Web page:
A short thought written in England, in the 1600s, by John Trapp:
And thy righteousness may profit thyself and others; for the just liveth by his own faith; he maketh a living of it, and a good one too. And as for his charity, it is the mother of all manner of good works, whereof others have the benefit. Papists, and some as silly, have shrunk up charity to a hand’s breadth, to giving of alms. But besides that, a good man draweth out, not only his sheaf, but his soul to the hungry. He also warneth the unruly, comforteth the feeble-minded, supporteth the weak, and tradeth all his talents for the good of others, #1Th 5:14. He is a common blessing to all that are about him.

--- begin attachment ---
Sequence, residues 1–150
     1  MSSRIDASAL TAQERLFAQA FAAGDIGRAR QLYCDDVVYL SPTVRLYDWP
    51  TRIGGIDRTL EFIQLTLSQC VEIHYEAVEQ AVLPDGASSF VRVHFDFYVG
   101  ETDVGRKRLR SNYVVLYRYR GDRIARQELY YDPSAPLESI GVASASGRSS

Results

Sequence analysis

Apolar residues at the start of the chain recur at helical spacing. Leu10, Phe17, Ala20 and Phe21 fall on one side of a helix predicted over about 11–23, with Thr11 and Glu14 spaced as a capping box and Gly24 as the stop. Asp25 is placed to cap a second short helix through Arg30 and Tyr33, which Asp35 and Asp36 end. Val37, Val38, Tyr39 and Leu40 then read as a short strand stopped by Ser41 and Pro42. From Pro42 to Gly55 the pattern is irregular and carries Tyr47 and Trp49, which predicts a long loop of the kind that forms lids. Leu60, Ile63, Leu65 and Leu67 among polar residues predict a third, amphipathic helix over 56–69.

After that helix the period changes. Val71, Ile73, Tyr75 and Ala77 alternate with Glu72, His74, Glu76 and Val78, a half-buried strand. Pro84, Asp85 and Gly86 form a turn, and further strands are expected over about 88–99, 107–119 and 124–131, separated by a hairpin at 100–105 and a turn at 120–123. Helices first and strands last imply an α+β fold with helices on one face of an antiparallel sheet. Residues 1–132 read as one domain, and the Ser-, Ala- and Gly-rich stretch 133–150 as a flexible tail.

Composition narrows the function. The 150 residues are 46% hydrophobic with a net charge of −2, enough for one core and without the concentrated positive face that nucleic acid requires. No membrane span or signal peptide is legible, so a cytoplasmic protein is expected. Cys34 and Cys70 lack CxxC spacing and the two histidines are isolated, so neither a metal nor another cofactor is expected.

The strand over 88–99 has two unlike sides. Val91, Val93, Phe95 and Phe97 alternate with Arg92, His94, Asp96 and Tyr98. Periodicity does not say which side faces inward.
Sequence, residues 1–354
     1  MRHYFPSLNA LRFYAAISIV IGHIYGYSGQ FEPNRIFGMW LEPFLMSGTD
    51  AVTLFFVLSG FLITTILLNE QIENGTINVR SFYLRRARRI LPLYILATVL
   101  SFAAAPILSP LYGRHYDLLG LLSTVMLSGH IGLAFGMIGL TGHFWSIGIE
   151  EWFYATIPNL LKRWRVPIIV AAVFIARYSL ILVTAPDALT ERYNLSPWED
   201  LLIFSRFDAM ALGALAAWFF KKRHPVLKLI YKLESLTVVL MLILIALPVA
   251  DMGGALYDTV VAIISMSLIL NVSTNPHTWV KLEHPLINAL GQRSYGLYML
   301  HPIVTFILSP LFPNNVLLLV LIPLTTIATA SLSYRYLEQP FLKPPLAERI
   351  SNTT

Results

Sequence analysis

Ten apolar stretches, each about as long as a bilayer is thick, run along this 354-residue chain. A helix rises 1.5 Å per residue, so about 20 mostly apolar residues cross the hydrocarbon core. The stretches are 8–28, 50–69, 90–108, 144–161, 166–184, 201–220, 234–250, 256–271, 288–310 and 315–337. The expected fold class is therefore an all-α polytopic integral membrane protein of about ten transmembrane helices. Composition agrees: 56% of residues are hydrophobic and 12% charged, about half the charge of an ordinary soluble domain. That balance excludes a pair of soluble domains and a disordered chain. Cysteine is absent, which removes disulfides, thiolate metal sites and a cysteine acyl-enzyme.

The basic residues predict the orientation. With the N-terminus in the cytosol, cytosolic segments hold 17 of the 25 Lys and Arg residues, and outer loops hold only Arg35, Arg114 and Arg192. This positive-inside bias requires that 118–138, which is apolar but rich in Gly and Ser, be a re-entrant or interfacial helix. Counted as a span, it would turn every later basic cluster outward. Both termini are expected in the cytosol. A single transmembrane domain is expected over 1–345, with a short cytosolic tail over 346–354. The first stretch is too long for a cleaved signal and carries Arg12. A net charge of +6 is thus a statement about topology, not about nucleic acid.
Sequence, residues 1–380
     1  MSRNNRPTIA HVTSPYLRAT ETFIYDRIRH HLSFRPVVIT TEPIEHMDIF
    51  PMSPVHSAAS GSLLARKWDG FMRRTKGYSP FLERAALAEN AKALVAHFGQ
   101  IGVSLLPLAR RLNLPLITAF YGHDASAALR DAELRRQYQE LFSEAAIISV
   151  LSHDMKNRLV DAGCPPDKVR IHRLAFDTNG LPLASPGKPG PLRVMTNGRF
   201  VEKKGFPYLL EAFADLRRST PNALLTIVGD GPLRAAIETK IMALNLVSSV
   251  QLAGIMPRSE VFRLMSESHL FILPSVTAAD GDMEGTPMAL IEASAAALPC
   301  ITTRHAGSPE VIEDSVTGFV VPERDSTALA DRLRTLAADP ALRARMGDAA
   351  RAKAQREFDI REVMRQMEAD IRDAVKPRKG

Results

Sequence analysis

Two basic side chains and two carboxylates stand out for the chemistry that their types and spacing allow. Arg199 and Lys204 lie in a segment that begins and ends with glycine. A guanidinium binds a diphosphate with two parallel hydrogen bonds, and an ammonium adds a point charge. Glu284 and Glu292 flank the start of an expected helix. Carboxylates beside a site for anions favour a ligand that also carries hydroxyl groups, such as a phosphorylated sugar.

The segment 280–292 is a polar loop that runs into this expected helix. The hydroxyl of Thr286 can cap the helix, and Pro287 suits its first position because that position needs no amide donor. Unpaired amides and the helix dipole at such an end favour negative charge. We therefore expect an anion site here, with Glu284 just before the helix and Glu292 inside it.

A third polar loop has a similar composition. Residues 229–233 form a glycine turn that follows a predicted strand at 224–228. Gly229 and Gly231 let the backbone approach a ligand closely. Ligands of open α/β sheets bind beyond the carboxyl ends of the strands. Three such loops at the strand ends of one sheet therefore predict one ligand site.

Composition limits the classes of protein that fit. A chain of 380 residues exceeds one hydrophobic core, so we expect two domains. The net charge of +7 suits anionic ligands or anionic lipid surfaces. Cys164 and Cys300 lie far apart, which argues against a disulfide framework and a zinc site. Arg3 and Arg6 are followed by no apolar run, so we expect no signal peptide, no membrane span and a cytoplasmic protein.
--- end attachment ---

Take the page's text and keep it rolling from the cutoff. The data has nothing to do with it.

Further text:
As Plutarch said of the neighbouring villages of Rome, in Numa’s time, That sucking in the air of that city, they breathed δικαιοσυνην, righteousness; so may it be said of the city of God, and her citizens.